By Julie Gorte, SVP, Sustainable Investing, Pax World Investments
“When corporate governance operates optimally, the three key players—the executives, the board of directors, and the shareholders—provide through a system of checks and balances a system for a transparent and accountable system…”
Robert A. G. Monks and Nell Minow
Since the turn of the millennium we have lived through two extremely painful episodes of corporate governance failure, both of which were implicated as significant culprits in the recessions that followed. Something this important deserves the scrupulous attention of every publicly traded company and its shareholders. That, for all practical purposes, includes everyone.
Good governance in many ways is straightforward. It means having thoughtful directors to oversee management and bring diverse viewpoints to the decision making table. It means having management that is as concerned for the long-term health of the company they run as the shareholders who depend on its health. Managing the corporation and overseeing the management are two fundamentally different roles. There are reams of examples of how bad things can get when those roles are blurred. Robert Monks and Nell Minow, in their classic book Corporate Governance, give vignettes from the governance of Enron, Tyco, Countrywide, Chesapeake Energy, Lehman Brothers and others that serve as ample warning to other companies on the dangers of having boards too cozy with management to question things that later cost billions of dollars and robbed thousands of Americans of their pension assets, jobs, and nest eggs.
Board independence is a straightforward topic, but as an attribute of governance it is difficult—maybe impossible—to measure objectively and quantitatively. Major exchanges and the Securities and Exchange Commission all have definitions of board independence, but we have also seen that even boards that meet strict definitions of independence can be captured by management, which renders the “independent” designation meaningless.
Yet it is also true that continuing to pursue true independence among company directors is still valuable, and that diversity is a source of independence. While not all studies on board diversity reach the same conclusion, many agree that putting women on boards can be a good thing for shareholders. In particular, many studies agree that a critical mass of women on boards—variously defined, but often somewhere around three women or 30 percent of the board—is positively correlated with performance measures like return on equity, Tobin’s Q, lower cost of debt, or quality of earnings. Pension giant CalPERS noted in a 2009 report that “companies with more diverse boards…have higher performance on key financial metrics, such as return on equity, return on sales, and return on invested capital.”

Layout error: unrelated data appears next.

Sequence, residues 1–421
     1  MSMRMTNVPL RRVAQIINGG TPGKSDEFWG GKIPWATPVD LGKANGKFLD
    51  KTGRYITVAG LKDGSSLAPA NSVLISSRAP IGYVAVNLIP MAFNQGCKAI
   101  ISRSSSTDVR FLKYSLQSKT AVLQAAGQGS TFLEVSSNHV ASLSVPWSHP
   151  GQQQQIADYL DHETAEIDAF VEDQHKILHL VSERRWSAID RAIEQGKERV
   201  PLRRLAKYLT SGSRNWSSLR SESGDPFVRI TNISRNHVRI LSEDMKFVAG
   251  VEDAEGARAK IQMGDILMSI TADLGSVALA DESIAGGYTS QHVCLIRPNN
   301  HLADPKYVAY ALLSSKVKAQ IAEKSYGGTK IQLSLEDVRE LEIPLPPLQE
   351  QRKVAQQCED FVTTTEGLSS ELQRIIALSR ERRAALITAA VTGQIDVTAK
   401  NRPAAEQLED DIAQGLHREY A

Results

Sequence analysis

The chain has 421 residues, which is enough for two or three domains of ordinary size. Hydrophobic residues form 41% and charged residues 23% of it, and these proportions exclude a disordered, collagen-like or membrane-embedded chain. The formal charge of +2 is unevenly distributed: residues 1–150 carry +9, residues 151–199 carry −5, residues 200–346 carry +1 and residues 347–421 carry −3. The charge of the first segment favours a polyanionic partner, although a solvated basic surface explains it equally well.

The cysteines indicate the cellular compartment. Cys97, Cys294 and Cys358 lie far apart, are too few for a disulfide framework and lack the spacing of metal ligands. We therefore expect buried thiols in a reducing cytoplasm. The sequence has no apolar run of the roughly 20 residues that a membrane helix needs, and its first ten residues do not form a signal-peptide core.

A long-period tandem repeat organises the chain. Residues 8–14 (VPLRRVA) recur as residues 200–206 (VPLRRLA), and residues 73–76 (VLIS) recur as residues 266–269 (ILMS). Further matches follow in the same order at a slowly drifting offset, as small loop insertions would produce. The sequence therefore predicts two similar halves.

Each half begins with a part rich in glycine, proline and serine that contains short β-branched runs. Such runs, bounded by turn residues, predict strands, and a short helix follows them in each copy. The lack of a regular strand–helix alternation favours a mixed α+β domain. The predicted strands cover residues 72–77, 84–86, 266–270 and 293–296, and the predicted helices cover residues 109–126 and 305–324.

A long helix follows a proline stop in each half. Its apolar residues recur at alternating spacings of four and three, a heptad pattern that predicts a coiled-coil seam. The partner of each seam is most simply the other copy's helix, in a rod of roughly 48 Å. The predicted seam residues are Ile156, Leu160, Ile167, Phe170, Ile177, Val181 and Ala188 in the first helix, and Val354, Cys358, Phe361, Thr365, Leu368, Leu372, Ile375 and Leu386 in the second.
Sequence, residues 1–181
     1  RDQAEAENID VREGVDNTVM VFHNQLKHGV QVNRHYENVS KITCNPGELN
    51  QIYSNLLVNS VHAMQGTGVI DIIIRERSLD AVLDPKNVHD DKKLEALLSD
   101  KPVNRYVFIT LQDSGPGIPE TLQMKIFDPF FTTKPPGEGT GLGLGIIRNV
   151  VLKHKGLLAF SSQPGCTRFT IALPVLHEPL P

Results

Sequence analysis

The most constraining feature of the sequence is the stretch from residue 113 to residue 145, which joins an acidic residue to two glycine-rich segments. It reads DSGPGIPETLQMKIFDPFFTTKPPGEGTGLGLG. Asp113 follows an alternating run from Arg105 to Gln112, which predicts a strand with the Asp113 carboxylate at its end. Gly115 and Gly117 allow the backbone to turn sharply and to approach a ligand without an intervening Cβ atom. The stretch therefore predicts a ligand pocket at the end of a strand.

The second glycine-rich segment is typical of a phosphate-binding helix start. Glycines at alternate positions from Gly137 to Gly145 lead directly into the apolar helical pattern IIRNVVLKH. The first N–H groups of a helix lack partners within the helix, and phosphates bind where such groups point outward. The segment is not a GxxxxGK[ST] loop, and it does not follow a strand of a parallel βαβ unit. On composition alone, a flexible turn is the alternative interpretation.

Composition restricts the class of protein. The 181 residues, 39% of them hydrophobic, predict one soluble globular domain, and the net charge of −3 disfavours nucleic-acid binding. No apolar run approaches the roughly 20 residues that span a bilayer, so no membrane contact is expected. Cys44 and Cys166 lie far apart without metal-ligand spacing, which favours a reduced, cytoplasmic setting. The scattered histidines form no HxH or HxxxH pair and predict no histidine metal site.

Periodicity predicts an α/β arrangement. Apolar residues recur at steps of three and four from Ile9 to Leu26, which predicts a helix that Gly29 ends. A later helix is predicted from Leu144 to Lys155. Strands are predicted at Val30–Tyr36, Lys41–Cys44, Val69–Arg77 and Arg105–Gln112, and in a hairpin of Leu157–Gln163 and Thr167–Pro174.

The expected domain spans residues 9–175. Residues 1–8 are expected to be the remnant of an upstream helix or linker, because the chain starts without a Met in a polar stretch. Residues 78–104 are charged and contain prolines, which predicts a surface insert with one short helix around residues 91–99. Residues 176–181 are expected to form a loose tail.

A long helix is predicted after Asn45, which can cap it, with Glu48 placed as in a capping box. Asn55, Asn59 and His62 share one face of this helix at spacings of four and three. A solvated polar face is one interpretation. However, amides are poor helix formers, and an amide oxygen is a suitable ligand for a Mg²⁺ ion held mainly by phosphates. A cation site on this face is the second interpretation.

Correlation is not causality, of course, but of the studies that have inquired more deeply into the mechanism behind the correlation, there is often agreement that women bring independent perspectives and greater focus on monitoring to boards, and those things are often attributes of companies that perform well financially. In short, it is not gender diversity by itself that tends to be associated with good performance, it is the qualities women often bring to boards that connects those dots. Simply adding a woman or a minority to a board isn’t guaranteed to improve its function, or the performance of the company. Good governance is about many things—boards that act independently, robust shareholder rights, accurate accounting, reasonable and fair executive compensation, and so on. No single parameter defines good governance. It takes a village.